State lawmakers in Olympia seem poised to pass a bill that would practically ban the practice of incarcerating juveniles who commit noncriminal "status offenses," such as not going to school or running away from foster homes.
Currently, juvenile courts can legally incarcerate minors for truancy — defined as missing more than five days of school in a month or 10 or more days in a year unexcused — when petitioned by schools. Parents and legal guardians of kids or the state Department of Children, Youth and Families can also petition courts to jail minors when they run away from home or foster care placements and are deemed to be "at-risk."
Jailing juveniles for truancy or running away is common practice across the state. According to a report from the Washington State Center for Court Research, 28 of the states 39 counties logged at least 30 instances where youth were detained for status offenses in 2017. In Spokane County, status offense bookings accounted for roughly 22 percent of all admissions to juvenile detention.
"We know that detention causes trauma and exacerbates trauma," says Liz Trautman, director of public policy and advocacy for the Mockingbird Society, an interest group advocating for homeless youth that has lobbied for the bill. "It's not very effective way of changing behavior."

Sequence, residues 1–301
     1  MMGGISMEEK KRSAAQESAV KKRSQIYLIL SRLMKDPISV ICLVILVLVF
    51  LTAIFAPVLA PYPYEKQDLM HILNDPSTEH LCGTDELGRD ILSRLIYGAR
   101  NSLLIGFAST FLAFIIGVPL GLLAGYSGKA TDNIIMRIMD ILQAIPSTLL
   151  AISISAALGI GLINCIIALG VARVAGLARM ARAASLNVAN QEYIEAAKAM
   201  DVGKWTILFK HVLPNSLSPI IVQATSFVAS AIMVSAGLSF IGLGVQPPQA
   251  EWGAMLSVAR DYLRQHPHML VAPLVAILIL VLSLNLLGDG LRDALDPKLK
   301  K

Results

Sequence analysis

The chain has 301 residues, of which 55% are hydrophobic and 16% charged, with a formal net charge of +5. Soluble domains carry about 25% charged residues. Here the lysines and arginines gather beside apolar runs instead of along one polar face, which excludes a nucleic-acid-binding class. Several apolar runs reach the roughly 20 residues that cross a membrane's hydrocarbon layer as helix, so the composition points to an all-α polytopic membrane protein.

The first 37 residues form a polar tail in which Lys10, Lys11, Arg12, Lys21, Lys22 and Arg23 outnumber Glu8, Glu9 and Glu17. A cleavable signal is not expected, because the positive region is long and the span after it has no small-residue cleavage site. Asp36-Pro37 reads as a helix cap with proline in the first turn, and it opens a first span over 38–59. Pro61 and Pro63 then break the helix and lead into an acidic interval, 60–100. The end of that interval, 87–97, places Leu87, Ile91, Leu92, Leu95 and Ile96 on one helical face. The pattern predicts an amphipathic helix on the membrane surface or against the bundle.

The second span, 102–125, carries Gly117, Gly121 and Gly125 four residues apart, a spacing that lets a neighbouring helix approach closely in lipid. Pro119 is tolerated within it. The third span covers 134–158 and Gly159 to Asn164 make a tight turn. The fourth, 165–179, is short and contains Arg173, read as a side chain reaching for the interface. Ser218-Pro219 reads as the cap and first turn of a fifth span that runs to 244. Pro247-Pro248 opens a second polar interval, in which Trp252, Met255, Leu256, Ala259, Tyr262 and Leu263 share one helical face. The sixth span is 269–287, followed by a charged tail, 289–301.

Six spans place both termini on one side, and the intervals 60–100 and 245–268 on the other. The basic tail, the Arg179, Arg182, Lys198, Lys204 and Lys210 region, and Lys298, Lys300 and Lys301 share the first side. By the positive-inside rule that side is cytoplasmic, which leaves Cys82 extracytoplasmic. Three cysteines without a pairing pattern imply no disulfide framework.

The legislation, Senate Bill 5290, would effectively walk these laws back, by banning the use of detention as a court sanction when kids are truant or run away from foster homes home by July 1 2019. By July 2022, courts won't be able to jail youth when their parents file at-risk youth (ARY) petitions — which are typically filed when kids are absent from home for at least 72 hours without parental consent or are otherwise beyond the parent's control — unless specific criteria are met, such as seeking input from the relevant parties and considering less restrictive alternatives.
"These alternative sanctions have been in place for several years and the only change that this legislation makes is to remove juvenile detention as one of the [court] sanctions," she says.
The bill has been passed by lawmakers in both the state Senate and House and has been kicked back over to the Senate for final consideration of some additional changes before it can be sent to Gov. Jay Inslee's desk to get signed into law. They have until the last day of the legislative session on April 28 to do so.